I’ve often wondered how many prospective parents would benefit from looking into a crystal ball to see what parenting is like. Or what if we all took tests for a good year before we became parents? Think about how things might be different.
We all think our kids are exceptional. Those of us who are realists, though, know our kids (and yes, grandkids) are capable of messing up. Sure, we may think they hung the moon, but we should also be realistic about the fact that our kids are humans.
Regardless of what we think, there’s going to be someone out there who doesn’t think they are the best. There are going to be people who may not like our kids or think they are ordinary and far from exceptional.
I see plenty of kids come through school with lots of advantages. Yet, they can’t read well. They have trouble focusing. They aren’t able to divide because they didn’t learn to subtract or multiply well.
I blame schools somewhat. But in turn, I also blame parents. We push these kids through school because, heaven forbid, we tell any parent or grandparent their kid isn’t ready to move on. If the kid fails, it’s totally the school’s fault. Right?
Kids need structure. They need a schedule. They need people in their lives who are the boss and who don’t let them control things. They need to have that stupid iPad taken away from them. Things need to be regulated – especially screen time. Kids need to be outside and moving as much as possible.
I’m sorry if you need your own “me” time; you decided to give birth to these kids. Now take care of them properly, please.
After teaching for over 30 years, I think a lot of our problems would be solved if we had a good smack of reality in our faces. I’m talking to educators and parents alike. Sometimes, kids learn at different speeds. It benefits the kids if they can work at their own pace and developmental level. Why did we get away from this type of mentality?
In this day and age, every kid has to be pushed along. We might hurt their feelings. Their parents’ pride may be injured. “They aren’t ready to move on to the next grade because they haven’t mastered some of the skills needed to move on,” schools say. “Who cares, I don’t want my child to be embarrassed or be away from their friends,” say parents and grandparents. “And furthermore, how dare you tell me my child isn’t the best!”
Schools may have to admit they failed in some way, even if they feel they did everything they could for a kid. After all, it isn’t always easy to figure out what went wrong when it comes to why a kid isn’t progressing.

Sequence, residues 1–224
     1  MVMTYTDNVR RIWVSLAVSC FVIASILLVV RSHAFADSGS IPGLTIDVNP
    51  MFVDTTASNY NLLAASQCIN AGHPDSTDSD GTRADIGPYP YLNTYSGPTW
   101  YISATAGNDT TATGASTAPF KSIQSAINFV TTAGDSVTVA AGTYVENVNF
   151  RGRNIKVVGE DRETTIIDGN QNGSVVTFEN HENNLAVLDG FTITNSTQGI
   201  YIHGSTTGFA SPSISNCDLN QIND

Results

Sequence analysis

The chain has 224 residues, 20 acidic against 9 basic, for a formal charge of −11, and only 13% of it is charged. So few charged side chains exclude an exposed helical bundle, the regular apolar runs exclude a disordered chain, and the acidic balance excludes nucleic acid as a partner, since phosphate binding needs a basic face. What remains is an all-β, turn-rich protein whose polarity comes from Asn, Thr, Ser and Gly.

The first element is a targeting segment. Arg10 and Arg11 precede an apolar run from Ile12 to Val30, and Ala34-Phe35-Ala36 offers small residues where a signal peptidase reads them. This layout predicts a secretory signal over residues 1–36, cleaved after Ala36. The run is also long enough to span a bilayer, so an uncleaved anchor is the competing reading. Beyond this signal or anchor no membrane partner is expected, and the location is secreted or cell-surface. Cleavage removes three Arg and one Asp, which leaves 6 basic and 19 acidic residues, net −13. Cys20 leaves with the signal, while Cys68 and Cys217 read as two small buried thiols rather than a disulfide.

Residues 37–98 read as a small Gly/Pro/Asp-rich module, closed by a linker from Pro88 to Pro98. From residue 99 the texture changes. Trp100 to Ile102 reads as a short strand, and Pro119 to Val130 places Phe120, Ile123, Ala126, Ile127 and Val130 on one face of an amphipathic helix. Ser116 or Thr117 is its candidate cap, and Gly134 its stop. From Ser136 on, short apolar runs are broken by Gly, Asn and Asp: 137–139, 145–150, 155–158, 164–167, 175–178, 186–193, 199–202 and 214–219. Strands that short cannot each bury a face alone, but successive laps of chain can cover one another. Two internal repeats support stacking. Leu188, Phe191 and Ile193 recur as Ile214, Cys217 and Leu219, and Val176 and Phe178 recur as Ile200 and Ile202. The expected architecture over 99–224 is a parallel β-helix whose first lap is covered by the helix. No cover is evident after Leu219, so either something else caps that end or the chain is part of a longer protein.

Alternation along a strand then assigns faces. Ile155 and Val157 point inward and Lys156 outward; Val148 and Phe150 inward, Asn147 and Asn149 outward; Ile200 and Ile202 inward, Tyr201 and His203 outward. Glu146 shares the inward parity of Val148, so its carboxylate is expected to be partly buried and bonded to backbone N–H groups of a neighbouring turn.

Along with a crystal ball and a smack of reality, I’m wondering what parents would think if they knew how little really needs to be done to give their kids a leg up.
We all brag about how smart our kids are when they are toddlers. Of course they are! They are like little sponges, drinking in lots of knowledge. They are learning vocabulary and language and all sorts of things. Kids who are just beginning to talk and process things are fascinating to watch. And we all think our kids are a cut above. Surely our 3-year-old is the shining star of the preschool class.
We need to harness that “spongey-ness.” We need to be reading to our kids a little every day or so. They need to see how a book is set up, how to read from left to right. They need to hear inflection and see written words with punctuation. They need to make assumptions about how characters feel and what they are doing to solve problems.
Kids need to learn their basic math facts. They need to work with them a little each day. Good old-fashioned flashcards are still fantastic tools, but there are plenty of online resources that will appeal to young kids in this techy world.
Practice those facts. Do a few math problems each day. Talk to your kids about real-life problems. Have them practice mental math in their heads. Use pencil and paper. Hang a chalkboard in your kitchen like one of my good friend’s parents did for her back in the day.
I’m not a fan of homework. I think it’s pretty silly. But, I do feel that time should be spent on the things I mentioned above. Every day or so. Take the weekend off if you must and maybe skip a day during the week. It won’t hurt.
Schools need to stand firm when it comes to judging whether kids are ready to move on in school. Parents need to be open-minded and check their pride at the door when it comes to what is best for the child.
These people are professionals, parents. Listen to them and know they are merely trying to take care of your kids.
I’m a person who blames parents a lot. That’s probably not fair, especially since I know how stinkin’ hard parenting can be. I can’t keep blaming parents for all the problems of my students, and the parents of my students can’t keep blaming all the problems of their children on education. We gotta figure something out.
But until we do, parents, read to your kids. Practice math facts with them. Spend time with them and have conversations with them.
Schools, knock off all the fluff and superfluous stuff and focus on what kids really need. Kids need to know they are being well taken care of. You don’t have to be the most popular teacher. You have an obligation to get these kids equipped.
And as I said, it only takes a little.